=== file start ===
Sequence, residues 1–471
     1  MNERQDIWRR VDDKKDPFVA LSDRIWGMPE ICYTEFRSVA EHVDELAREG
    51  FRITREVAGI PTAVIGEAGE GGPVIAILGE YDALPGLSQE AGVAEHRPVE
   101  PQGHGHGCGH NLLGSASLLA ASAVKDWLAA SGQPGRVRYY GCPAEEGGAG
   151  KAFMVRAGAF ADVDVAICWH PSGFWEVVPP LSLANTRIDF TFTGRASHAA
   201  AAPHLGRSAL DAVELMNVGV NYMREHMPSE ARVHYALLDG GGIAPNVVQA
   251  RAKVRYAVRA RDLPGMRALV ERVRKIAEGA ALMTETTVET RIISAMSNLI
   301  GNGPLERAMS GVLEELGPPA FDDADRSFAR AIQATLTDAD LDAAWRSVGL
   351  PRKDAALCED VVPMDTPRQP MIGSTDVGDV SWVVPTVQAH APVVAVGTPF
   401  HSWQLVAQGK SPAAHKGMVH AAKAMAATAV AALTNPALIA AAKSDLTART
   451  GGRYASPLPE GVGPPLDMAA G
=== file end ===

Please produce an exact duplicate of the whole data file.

Sequence, residues 1–471
     1  MNERQDIWRR VDDKKDPFVA LSDRIWGMPE ICYTEFRSVA EHVDELAREG
    51  FRITREVAGI PTAVIGEAGE GGPVIAILGE YDALPGLSQE AGVAEHRPVE
   101  PQGHGHGCGH NLLGSASLLA ASAVKDWLAA SGQPGRVRYY GCPAEEGGAG
   151  KAFMVRAGAF ADVDVAICWH PSGFWEVVPP LSLANTRIDF TFTGRASHAA
   201  AAPHLGRSAL DAVELMNVGV NYMREHMPSE ARVHYALLDG GGIAPNVVQA
   251  RAKVRYAVRA RDLPGMRALV ERVRKIAEGA ALMTETTVET RIISAMSNLI
   301  GNGPLERAMS GVLEELGPPA FDDADRSFAR AIQATLTDAD LDAAWRSVGL
   351  PRKDAALCED VVPMDTPRQP MIGSTDVGDV SWVVPTVQAH APVVAVGTPF
   401  HSWQLVAQGK SPAAHKGMVH AAKAMAATAV AALTNPALIA AAKSDLTART
   451  GGRYASPLPE GVGPPLDMAA G